I nod and murmur my agreement because I do, in fact, agree. A priest is a gift to a congregation. A man who has given his life to Christ to serve Christ's flock. To give us the sacraments. To provide us opportunity for confession, to celebrate the Mass.
But then you start complaining about the "young conservative priests" who just don't understand what it was like for those who had to live through the time before Vatican II... all that Latin and stuff.
And I get very confused why you don't seem grateful for them, why you instead insult their orthodoxy.
I'm not a priest. So I can't speak for the young priests who I pray for, who I am so very grateful for, who are rediscovering and upholding the traditions of the Church.
I can tell you that as a millennial Catholic, I was raised in the hey-day of "Vatican II" Catholicism.
I was raised with experimental liturgies outside in the woods. With changing the words for the distribution of communion... at the whim of the liturgical committee for that particular mass. With a sign of peace that took longer than the entire Eucharistic Prayer.
I was raised to see that as the epitome of Catholicism.
And, I have to tell you, it left me feeling empty. It left me searching. It left my heart restless. And then slowly, I began to discover the riches of the Faith, the traditions of our Church. The hidden treasures that seem to have been cast aside years ago.
I was raised with no incense at Mass, no "smells and bells". My parish was "modernized" when I was a small child, the crucifix replaced with an organ. The tabernacle at some point moved off the altar.
I don't remember the time before those changes. I do remember people leaving our parish in frustration with the changes. I remember years afterwards of my dad coming home stressed after another contentious parish council meeting. I remember him and my mom talking about how another family had left our church to go to the other parish, or a different church entirely.
Yet, even though I prefer more traditional style churches, I include the driver of this change in my prayers. I thank God for his service. I remember the joyful look in his eyes during Mass, and I never question his devotion.
I similarly never question the joy and clear love of my fellow parishioners who like guitar mass, who like the folksy music. If that allows them to worship and draw closer to God, then I will sing with joy beside them. I will be glad that their faith is enriched. I will sing loudly to support a quiet cantor. I will do my very best to help you grow in your faith in any way I can. Because we're a parish family, and while we may have differences in preference, our goal is the same- to worship God and grow in our love of Him that we might better know, love and serve Him in this life that we may be with Him in the next.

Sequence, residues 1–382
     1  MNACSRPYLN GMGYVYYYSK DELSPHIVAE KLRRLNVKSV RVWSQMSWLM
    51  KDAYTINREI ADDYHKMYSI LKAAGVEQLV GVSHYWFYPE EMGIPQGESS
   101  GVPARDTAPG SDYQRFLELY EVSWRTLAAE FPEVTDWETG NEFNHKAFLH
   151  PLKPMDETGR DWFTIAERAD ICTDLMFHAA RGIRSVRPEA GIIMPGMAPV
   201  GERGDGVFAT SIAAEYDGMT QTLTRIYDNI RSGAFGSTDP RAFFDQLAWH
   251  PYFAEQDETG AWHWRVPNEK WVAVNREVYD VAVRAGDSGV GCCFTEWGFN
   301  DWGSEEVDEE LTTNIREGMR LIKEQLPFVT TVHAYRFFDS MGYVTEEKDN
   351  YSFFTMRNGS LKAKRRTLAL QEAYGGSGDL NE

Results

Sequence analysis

Here's the thing though. That last sentence I typed was one I was never taught. I loved church for my entire childhood. I went to every religious ed class, and just generally liked all things church related. When I got my Bible in 7th grade, I read it cover to cover, because that seemed like the right thing to do. I could answer all the questions posed at religious ed. And so, somehow, I managed to think I was supposed to be able to find all the answers. But I couldn't. I couldn't even figure out that basic "know, love and serve God." If anything, I would have said that our purpose was to love our neighbor, and to radiate Christ to them. Well... yes... that's a part of it. But the first part of the Great Commandment?
I didn't understand that, and nothing in the people centered liturgy pointed that out to me.
Over the last few years, I've finally started learning. And I've gotten past most of my initial feelings of hurt that none of this was ever taught to me. Most. Because for the most part, I can see it as a wonderful blessing that the young, orthodox- seeking, Catholic-nerd people of my generation have to desire and want these things. We have to go out of our way to experience what your generation had the opportunity to pray daily. But your generation, for whatever reason, must not have understood the reasons that my generation can give for the older traditions.
I can understand your desire to have a close encounter with God. I desire that too.
I can understand your desire to improve the world around you. I desire that too.
I can understand your desire to ease the suffering of the poor, the sick, the outcast. I desire that too.
I also desire a liturgy that will lift my heart, mind and soul above the present moment. Above this earth. I desire a liturgy that will be deafening loud in the quiet of my heart. I desire a liturgy that will challenge me not to stay as I am, but to push me to become a saint.
And I experience that most in the Extraordinary Form. In the ageless chant. In the whispered Aves and gentle clicking of my rosary beads against the pew before Mass. In those moments, I start to get a glimpse of what it means to have a communion of saints, worshipping God in the same Mass here on Earth that John sees in heaven. In those moments, I am challenged to grow, to love God better. To learn more about Him. To be in awe in His presence. To go out and serve Him in the world.
I don't remember what it was like then. From what you've told me, it must not be anything like what I experience. From the anger in your voice, I think it must have left you feeling empty, as the experimental woods liturgies left me. It must have left you seeking more. I hope you found it.
If your preferred liturgical methods of worshipping inspire you to love God and serve Him in love through your service to your through your neighbors then I'm truly glad you have that experience. Please be glad for me too and support my faith journey. We're in this together, after all, seeking that same common goal of heaven.